1.5.1. Human studies
Specific ApoE genotypes have been strongly suggested to be involved as a risk factor in certain viral infections. Two studies have assessed the role of ApoE genotypes on two frequent HSV-1 diseases: herpes labialis and ocular HSV-1 keratitis. Lin et al. (1995
reported that the presence of the apoE ε 4 isoform could be a risk factor for herpes labialis, an oral-facial lesion caused primarily by HSV-1. The ApoE ε 4 allele frequency was reported to be significantly higher in subjects with HSV-1 labialis in comparison with age-matched subjects. In a clinical study of herpes keratitis in 46 patients, no association with the frequency of ApoE ε 4 allele was found (Lin et al., 1999
). In this study, the patients evaluated presented with heterogeneous herpetic ocular diseases, including dendritic, geographic, and stromal keratitis. This study lacks a detailed clinical description and characterization of the ocular herpetic lesions and also has a small sample size. However, a higher frequency of association of ApoE ε 2 was reported (13%), which was almost twice that predicted in the general population (approximately 7%). No other study has been done to confirm these results. To the best of our knowledge, there have been no other studies in herpes labialis or herpes keratitis on the status of the possible risk factors of ApoE alleles and any other human HSV infections. Thus, more clinical and experimental studies are needed.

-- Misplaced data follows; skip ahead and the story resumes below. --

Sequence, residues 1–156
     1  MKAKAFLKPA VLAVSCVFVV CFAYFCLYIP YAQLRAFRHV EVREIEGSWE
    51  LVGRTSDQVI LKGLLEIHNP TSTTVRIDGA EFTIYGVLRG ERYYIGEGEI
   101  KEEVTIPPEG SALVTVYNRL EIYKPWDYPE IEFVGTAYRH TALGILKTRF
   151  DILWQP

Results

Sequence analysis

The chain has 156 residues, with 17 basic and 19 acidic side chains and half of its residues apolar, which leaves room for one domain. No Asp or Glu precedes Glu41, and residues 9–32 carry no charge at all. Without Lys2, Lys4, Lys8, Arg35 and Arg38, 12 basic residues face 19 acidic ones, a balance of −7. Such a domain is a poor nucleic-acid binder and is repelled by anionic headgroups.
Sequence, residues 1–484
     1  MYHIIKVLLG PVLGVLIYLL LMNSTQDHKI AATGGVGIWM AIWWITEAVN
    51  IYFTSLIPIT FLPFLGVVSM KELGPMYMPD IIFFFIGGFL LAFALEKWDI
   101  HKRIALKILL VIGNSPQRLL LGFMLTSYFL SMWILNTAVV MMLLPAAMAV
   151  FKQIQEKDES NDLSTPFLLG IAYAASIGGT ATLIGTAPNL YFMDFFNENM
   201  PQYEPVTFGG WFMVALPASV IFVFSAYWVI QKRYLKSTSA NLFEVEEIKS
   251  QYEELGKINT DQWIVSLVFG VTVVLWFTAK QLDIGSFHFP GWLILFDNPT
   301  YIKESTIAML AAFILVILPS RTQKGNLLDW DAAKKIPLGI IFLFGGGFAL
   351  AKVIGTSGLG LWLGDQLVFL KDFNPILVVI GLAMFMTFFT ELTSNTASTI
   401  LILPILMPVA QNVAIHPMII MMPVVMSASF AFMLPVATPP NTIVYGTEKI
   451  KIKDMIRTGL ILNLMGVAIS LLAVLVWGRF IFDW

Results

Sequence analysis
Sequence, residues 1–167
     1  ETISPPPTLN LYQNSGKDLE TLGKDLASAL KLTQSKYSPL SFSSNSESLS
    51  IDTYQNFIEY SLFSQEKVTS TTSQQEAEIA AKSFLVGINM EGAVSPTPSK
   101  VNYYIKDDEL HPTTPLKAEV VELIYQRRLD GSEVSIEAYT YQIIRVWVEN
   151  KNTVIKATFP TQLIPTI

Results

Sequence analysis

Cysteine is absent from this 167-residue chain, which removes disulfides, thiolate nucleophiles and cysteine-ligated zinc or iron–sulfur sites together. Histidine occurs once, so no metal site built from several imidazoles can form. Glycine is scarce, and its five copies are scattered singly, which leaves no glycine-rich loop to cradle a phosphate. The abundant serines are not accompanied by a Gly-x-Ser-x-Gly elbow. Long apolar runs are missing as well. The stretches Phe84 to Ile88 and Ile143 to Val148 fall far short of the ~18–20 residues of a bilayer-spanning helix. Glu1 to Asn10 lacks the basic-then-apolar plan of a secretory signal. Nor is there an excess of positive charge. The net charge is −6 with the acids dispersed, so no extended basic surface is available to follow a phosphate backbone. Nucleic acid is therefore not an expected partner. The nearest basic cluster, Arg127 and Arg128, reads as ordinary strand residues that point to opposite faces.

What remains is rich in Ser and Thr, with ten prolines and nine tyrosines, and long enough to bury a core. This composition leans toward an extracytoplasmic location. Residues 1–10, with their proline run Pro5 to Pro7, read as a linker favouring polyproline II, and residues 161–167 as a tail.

1.5.2. Mouse studies: ApoE alleles
A study by Burgos et al. (2002)